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Revenge of the gods was not even on her mind as Sylvia Seltoun breakfasted in the morning-room at Yessney. Hers was a pleasant sense of ultimate victory. She felt that she had won her hardest and most important struggle. To have married Mortimer Seltoun, “Dead Mortimer” as his more intimate enemies called him! And in the teeth of the cold hostility of his family, and in spite of his unaffected indifference to women. This was indeed an achievement.
Yesterday she had brought her victory to its concluding stage by wrenching her husband away from Town. Yes, Town, and its group of satellite watering places! She had thus begun “settling him down” in this remote wood-encircled manor farm, his country house.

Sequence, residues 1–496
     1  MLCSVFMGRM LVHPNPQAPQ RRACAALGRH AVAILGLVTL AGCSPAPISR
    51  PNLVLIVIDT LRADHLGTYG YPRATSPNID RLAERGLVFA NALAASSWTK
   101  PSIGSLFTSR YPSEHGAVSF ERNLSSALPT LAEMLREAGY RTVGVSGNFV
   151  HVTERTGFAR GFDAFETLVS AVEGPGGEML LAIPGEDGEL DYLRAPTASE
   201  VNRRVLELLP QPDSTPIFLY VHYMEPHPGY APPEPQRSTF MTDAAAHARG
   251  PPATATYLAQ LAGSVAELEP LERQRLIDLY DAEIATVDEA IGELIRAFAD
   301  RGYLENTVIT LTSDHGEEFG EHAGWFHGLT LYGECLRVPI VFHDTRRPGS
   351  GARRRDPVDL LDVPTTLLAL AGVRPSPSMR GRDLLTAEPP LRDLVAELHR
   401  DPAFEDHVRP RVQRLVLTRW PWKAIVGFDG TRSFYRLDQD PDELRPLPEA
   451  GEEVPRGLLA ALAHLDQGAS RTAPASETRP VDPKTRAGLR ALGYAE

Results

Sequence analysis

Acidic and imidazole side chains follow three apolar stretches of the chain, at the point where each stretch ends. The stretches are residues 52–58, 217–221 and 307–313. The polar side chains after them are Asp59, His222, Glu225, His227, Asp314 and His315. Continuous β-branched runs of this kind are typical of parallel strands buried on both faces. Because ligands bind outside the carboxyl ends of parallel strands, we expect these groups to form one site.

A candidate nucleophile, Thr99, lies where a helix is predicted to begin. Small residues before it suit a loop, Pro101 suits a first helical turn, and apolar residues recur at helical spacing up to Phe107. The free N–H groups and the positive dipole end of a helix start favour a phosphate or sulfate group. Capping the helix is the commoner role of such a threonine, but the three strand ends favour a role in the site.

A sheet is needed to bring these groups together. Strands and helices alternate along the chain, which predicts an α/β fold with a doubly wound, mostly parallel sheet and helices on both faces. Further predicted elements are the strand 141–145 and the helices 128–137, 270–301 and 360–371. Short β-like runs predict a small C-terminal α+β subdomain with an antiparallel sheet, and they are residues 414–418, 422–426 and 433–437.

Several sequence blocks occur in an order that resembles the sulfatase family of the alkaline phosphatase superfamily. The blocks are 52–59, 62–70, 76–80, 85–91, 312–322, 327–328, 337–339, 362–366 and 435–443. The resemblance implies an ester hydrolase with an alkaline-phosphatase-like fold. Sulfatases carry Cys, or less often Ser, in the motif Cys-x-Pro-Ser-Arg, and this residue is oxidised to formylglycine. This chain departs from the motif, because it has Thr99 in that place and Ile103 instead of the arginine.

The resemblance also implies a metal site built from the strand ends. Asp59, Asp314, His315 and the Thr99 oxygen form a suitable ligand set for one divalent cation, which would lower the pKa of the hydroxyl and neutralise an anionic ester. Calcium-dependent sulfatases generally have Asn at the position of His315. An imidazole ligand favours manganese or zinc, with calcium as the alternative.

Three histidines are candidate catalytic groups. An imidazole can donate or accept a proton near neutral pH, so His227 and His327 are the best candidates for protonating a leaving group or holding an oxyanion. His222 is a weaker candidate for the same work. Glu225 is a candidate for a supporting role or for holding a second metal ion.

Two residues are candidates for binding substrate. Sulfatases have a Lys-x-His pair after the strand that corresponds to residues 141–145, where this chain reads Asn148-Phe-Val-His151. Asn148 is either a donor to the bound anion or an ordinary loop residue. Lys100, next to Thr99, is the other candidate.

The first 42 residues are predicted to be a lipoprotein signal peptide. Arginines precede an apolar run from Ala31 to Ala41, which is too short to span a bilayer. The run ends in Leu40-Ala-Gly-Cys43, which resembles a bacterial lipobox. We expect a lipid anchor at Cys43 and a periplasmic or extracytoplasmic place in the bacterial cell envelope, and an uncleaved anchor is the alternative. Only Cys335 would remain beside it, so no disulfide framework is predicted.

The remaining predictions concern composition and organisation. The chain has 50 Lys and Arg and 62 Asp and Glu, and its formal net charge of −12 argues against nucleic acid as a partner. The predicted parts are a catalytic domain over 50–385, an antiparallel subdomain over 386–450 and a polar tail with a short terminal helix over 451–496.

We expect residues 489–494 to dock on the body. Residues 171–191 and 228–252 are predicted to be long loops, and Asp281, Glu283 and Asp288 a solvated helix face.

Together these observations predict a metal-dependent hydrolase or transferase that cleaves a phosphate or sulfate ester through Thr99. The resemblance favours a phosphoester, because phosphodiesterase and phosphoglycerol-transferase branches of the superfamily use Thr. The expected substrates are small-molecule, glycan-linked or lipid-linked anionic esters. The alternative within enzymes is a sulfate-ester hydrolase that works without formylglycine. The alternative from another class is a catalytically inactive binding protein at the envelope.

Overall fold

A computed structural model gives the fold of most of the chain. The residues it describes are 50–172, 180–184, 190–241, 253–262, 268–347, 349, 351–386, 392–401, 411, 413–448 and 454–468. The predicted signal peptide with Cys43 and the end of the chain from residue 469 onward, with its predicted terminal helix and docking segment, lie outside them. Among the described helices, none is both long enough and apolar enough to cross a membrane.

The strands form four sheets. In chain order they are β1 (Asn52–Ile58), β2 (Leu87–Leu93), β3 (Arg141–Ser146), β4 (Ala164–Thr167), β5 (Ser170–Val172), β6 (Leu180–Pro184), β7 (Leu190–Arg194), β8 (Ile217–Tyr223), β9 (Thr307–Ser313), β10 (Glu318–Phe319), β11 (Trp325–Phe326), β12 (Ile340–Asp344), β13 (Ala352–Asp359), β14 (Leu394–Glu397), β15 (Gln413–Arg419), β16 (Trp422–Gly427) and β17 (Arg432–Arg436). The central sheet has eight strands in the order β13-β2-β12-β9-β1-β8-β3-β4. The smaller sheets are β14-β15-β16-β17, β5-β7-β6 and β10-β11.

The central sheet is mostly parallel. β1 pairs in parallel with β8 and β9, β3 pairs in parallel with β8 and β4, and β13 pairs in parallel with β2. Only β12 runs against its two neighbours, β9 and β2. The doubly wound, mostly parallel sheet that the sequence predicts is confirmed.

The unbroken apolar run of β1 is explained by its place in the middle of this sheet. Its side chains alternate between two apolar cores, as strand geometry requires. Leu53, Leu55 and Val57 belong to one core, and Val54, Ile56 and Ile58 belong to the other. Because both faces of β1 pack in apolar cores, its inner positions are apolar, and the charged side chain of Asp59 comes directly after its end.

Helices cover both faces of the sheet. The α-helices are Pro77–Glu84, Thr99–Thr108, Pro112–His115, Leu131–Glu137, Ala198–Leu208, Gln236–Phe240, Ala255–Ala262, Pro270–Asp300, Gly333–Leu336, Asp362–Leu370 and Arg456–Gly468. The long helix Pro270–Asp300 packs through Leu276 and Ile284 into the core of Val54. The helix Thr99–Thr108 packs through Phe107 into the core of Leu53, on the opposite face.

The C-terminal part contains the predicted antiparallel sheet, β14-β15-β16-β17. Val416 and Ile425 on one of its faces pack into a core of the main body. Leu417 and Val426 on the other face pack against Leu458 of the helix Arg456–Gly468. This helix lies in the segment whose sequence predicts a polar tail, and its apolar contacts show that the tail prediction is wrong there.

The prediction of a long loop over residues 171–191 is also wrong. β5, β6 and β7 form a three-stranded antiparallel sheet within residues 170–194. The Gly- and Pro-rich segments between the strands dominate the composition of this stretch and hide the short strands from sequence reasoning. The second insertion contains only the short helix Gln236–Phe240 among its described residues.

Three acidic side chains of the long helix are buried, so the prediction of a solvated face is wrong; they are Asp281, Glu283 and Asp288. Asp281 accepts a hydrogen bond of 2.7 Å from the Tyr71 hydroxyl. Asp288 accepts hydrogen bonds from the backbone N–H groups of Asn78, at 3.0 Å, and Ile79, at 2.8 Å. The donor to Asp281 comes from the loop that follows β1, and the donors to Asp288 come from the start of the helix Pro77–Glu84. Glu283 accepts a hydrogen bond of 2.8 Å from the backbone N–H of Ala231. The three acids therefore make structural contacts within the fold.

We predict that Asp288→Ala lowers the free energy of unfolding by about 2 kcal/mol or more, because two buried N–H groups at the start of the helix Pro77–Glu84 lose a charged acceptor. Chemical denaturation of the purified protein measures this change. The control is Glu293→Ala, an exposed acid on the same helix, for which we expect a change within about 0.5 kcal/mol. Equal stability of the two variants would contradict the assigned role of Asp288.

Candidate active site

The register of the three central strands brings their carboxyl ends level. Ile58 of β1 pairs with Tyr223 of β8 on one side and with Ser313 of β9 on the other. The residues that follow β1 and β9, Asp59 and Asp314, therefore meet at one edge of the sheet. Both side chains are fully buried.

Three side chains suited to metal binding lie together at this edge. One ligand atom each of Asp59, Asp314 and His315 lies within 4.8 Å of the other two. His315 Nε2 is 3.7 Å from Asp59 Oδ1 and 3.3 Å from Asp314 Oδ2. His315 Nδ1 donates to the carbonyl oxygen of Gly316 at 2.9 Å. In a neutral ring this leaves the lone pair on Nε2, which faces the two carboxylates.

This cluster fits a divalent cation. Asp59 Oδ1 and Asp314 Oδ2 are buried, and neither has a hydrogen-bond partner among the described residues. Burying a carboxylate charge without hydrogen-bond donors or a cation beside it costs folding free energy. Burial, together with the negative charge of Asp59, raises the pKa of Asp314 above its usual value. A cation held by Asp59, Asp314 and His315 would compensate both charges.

There was a sombre almost savage wildness about the Yessney estate. That wild character was not likely to appeal to town-bred tastes. Sylvia was accustomed to nothing much more woodsy than “leafy Kensington.” Distrust of town life had been a new thing for her, born of her marriage with Mortimer. Indeed, she had watched with satisfaction the gradual fading of what she called “the Street-look” in his eyes.
She smiled as she gazed with an art school appreciation at the landscape. Suddenly she almost shuddered in concern at a possible revenge of the gods, pagan gods who seemed both ancient and present.No matching video
(A week later.)
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